High food prices in 2007 and 2008 led to some governments, companies and individuals from Middle East and North African countries pursuing land arrangements in Sub-Saharan Africa to buy or lease large tracks to produce food to ship back to their respective countries. Countries mentioned in media reports included Saudi Arabia, United Arab Emirates, Qatar, Kuwait, Bahrain, Libya and Egypt. Few details about these efforts have been released, but the current period of high agricultural commodity prices will likely re-stimulate those activities.

In the first eleven months of 2010 U.S. agricultural sales to the North Africa and Middle East regions were $8.49 billion, led by soybeans, meal and oil at $1.64 billion, coarse grains at $1.25 billion and wheat at $0.85 billion. Other major items included tree nuts at $0.53 billion, rice at $0.47 billion and dairy products at $0.30 billion. Sales in the high price year of 2008 were $10.0 billion, before falling to $7.2 billion in 2009. These totals are much smaller than the NAFTA partners Canada and Mexico at $34.0 billion, or Asia at $55.0 billion.

Regardless of how countries in the North African and Middle East regions resolve internal political decision making, the two regions are permanent markets for a wide range of agricultural products. Their dependence on imports puts them in a similar class with Japan and South Korea needing to import products twelve months a year regardless of drought in the Black Sea region or rains in Australia. In times of political uncertainty there is even more need for prompt delivery of products. The goal of trade is to feed people, not to get entangled in political issues.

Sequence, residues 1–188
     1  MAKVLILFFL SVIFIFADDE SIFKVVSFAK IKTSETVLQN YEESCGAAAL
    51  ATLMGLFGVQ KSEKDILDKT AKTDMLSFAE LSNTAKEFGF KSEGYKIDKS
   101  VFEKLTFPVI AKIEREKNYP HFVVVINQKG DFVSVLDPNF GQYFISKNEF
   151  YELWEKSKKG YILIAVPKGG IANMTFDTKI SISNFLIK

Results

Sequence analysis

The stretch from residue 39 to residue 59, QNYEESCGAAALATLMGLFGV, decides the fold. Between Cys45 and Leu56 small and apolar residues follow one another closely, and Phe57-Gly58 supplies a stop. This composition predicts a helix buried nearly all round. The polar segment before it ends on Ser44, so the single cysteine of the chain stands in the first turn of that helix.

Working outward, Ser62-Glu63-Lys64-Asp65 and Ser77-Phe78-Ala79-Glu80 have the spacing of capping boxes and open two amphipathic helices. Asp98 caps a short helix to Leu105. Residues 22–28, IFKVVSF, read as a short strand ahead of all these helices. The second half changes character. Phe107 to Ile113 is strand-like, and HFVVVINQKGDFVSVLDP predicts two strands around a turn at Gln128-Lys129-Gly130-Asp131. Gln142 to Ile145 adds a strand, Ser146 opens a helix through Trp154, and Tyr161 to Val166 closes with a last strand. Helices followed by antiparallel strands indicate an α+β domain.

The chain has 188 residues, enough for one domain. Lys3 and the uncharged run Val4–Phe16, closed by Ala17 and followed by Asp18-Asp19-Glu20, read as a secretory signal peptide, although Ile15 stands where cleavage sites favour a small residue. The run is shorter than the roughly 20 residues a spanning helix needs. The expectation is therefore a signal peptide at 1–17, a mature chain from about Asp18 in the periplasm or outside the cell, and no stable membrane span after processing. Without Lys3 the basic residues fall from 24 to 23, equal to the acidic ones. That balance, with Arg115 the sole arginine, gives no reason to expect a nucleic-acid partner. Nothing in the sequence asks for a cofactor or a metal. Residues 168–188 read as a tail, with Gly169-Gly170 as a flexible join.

Trade will have an increasingly important role in food security. The WTO should take this up as part of the Doha Round of negotiations. Exporting countries should consider regular customers in other countries, like North Africa and the Middle East, as important as ones within their borders. Importing countries also have a responsibility to use market-based institutions to anticipate needed trade flows and arrange shipping and storage. Those countries should also share information on stocks policies, inventory levels and anticipated import requirements and not use import tariffs to support local market prices when internal supplies are large.

The weather problems in the Black Sea region this summer and now the political unsettled conditions in North Africa and the Middle East have given a good overview of trade policy problems in an era of increasing agricultural trade.

Ross Korves

Ross Korves

Ross Korves served Truth about Trade & Technology, before it became Global Farmer Network, from 2004 – 2015 as the Economic and Trade Policy Analyst.

Researching and analyzing economic issues important to agricultural producers, Ross provided an intimate understanding regarding the interface of economic policy analysis and the political process.

Mr. Korves served the American Farm Bureau Federation as an Economist from 1980-2004. He served as Chief Economist from April 2001 through September 2003 and held the title of Senior Economist from September 2003 through August 2004.

Born and raised on a southern Illinois hog farm and educated at Southern Illinois University, Ross holds a Masters Degree in Agribusiness Economics. His studies and research expanded internationally through his work in Germany as a 1984 McCloy Agricultural Fellow and study travel to Japan in 1982, Zambia and Kenya in 1985 and Germany in 1987.